Monday, November 24, 2008

BCS changes selection criteria

American Football Coaches Association President Tyrone Willingham announced that, effective immediately, the coaches will not permit their poll to be used in the BCS selection procedure. AFCA executive director Grant Teaff indicated that it was "a violation of coaching ethics to allow the coaches to have such a key roll in the BCS championship process. It is unfair to allow certain coaches, with their vote to determine who their opponents will be, and whether they can play in the championship game. We have seen things reach a crisis situation this year with the Big-12 championship being decided by the BCS ranking. This gives some coaches an unfair advantage in picking their own league championship. We would be better off just using a coin flip."

In response to the situation, BCS coordinator John Swofford announced that the US News and World Report "Best National Colleges and Universities" rankings will be used in place of the coaches rankings. "US News does a good job of ranking our nation's colleges. We think it will be a great opportunity to show that academics really do play an important role in collegiate athletics." These rankings will make up one third of the BCS selection criteria, just as the coaches poll had previously.

Shortly after the change was announced, some conference realignments were announced. Jim Delany announced that "effective in the academic year 2009-2010, University of Chicago will resume playing football in the Big-10. They were one of the charter members of the Big-10's predecessor conference. After they dropped football in the pre-war days, we had lost track of them. We have recently discovered that they had been playing Division III ball. It was just unfair to have them playing at a lower level, so we invited them back to the Big-10"

University of Chicago president Robert Zimmer announced on his web site that the University had received a "significant sum of money" in return for having their football program resume play in the Big-10. "Big-10 commissioner Jim Delany said we would be a shoe-in for an at-large BCS bowl with our high US News Ranking. They offered us an endowed chair in the physics department as well as additional library funding in exchange for allowing the big-10 to share in some of the BCS money."

The Big-12, perhaps in response to the big-10 becoming another "big-12" announced its own expansion. Commissioner Dan Bebee said "we had always wanted Rice to be a member of the Big-12. We just didn't another team in the north division to balance the conference. Now that Washington University in St. Louis has joined the conference, those problems are allayed." He also announced that the conference would be renamed Big-14, because "unlike other conferences, we know how to count."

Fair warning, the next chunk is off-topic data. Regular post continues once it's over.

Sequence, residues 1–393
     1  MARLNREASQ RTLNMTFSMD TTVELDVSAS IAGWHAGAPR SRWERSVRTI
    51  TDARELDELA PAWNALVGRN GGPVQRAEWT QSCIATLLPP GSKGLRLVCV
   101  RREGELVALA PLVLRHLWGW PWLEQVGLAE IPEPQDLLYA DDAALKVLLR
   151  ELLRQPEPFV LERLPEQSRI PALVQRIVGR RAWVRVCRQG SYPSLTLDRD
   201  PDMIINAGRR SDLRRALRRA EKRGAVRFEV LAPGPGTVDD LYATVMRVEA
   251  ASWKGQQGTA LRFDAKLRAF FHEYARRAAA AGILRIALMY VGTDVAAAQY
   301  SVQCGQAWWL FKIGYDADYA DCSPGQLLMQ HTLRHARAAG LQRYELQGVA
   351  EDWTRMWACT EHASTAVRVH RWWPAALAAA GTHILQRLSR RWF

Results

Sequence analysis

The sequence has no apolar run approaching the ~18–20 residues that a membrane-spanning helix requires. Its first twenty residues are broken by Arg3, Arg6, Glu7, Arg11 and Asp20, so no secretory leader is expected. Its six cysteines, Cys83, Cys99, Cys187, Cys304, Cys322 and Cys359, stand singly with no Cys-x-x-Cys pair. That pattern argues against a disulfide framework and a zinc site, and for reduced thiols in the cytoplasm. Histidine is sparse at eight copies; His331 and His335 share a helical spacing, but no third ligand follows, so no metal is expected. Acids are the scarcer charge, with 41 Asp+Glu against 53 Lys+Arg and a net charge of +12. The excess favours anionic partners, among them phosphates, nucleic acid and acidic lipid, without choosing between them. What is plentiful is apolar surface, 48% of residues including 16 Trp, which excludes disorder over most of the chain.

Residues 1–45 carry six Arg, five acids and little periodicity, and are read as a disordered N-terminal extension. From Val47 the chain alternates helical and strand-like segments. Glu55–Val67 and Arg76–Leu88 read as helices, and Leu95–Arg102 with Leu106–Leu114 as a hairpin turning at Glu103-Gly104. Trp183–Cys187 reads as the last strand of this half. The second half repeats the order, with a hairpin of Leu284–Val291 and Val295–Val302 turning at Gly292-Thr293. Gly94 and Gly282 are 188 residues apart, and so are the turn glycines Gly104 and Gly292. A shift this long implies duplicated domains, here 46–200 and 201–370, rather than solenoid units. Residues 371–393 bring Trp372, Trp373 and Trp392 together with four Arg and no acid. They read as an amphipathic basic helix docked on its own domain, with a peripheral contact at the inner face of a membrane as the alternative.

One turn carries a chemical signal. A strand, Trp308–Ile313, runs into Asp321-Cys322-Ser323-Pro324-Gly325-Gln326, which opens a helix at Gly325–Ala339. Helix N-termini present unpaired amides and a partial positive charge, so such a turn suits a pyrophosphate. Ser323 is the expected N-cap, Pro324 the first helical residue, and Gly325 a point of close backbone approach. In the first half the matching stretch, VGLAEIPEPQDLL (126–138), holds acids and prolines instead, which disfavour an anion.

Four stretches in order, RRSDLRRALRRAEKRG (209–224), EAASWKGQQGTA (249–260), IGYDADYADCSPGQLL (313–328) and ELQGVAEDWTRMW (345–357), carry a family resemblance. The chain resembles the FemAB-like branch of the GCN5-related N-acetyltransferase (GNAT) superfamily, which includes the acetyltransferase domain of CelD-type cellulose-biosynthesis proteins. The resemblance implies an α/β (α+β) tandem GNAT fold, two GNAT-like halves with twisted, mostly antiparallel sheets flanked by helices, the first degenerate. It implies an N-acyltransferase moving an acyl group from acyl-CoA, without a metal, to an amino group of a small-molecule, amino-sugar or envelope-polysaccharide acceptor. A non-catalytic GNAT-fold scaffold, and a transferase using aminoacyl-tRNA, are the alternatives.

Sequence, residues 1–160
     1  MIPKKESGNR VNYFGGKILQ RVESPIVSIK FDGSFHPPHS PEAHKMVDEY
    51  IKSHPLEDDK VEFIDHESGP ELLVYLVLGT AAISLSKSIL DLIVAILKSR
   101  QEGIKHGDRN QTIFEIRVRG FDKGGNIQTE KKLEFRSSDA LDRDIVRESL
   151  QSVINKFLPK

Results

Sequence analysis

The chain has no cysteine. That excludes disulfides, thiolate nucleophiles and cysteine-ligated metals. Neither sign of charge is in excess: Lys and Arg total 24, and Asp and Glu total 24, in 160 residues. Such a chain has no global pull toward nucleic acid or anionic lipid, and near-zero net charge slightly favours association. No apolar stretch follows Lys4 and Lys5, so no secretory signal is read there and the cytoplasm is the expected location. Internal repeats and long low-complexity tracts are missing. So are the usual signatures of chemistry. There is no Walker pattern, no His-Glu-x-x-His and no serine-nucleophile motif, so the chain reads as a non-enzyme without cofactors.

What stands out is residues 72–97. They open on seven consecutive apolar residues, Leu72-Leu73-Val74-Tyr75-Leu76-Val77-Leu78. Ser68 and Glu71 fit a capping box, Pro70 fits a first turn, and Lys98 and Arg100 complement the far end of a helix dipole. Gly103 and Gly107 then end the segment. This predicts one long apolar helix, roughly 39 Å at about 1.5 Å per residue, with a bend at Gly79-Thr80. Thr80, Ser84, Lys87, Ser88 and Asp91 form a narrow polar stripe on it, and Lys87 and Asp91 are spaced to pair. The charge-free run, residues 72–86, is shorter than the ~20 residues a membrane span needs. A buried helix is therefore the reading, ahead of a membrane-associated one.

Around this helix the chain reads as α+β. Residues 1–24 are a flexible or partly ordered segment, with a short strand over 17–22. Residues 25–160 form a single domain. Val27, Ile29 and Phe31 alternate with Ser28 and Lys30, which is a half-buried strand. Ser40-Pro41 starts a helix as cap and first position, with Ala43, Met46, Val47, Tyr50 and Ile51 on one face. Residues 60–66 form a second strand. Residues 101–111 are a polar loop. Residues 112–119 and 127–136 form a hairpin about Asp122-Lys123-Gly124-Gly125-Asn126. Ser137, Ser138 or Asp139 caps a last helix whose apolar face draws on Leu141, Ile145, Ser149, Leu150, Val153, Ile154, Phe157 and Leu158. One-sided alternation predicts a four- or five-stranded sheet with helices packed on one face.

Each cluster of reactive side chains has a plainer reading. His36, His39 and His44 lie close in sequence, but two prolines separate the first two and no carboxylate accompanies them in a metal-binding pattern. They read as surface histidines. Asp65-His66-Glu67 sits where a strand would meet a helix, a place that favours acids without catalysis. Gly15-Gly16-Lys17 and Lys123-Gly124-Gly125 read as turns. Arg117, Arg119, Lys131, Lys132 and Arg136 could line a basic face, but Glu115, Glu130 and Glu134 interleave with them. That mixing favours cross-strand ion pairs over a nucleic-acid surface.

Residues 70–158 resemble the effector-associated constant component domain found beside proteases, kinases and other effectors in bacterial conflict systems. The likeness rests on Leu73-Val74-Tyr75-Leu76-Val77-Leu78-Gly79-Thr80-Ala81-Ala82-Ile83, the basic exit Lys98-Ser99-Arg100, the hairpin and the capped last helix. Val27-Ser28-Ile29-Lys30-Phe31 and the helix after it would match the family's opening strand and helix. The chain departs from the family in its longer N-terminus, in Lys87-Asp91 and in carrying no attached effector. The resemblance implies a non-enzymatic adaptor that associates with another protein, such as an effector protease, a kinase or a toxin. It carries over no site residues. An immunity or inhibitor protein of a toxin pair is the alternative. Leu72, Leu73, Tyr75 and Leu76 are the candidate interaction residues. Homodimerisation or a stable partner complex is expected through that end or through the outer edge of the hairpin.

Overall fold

There have been rumors of further realignment. An Emory University spokesman reported that they had received requests from both the SEC and ACC to join their conferences. However "I will reiterate, that Emory does not have a football program, and has no intention of starting one." Rumor has it that the SEC is still on the lookout for additional member, but is not very hopeful. According to an anonymous source "This brains thing really got us. After all, we're in the southeast, where football is king, and academics, well, they'll take a back seat. We do have Vandy, but after that, there is not a whole lot to pick from. We're thinking of sending a few thugs out to help get people to vote Florida in the top 25."

Not all conferences are thinking expansion. Pac-10 commissioner Tom Hansen stated that the Pac-10 has no intentions of expanding. "With Stanford, Cal, UCLA and USC the Pac-10 already has 4 of the top 5 west coast schools. And Caltech dropped football 15 years ago." The ACC is also content with their standings. "We have Duke and Virginia in the top 25 with USA Today. We figure, every other team has made it in the top-25 of the coaches poll, so this will only further add to the parity of the conference."

Notably silent has been the Big East. According to some anonymous tipsters, they are attempting negotiations to merge with the Ivy league. However, they have had major hangups on how to integrate the non-basketball schools. The Ivy league is also contemplating a switch to the Football Bowl Division on their own. The return of the "Harvard-Yale" national championship games does seem appealing to some. Though others would prefer the Ivy League just remain to itself.

No comments:

Post a Comment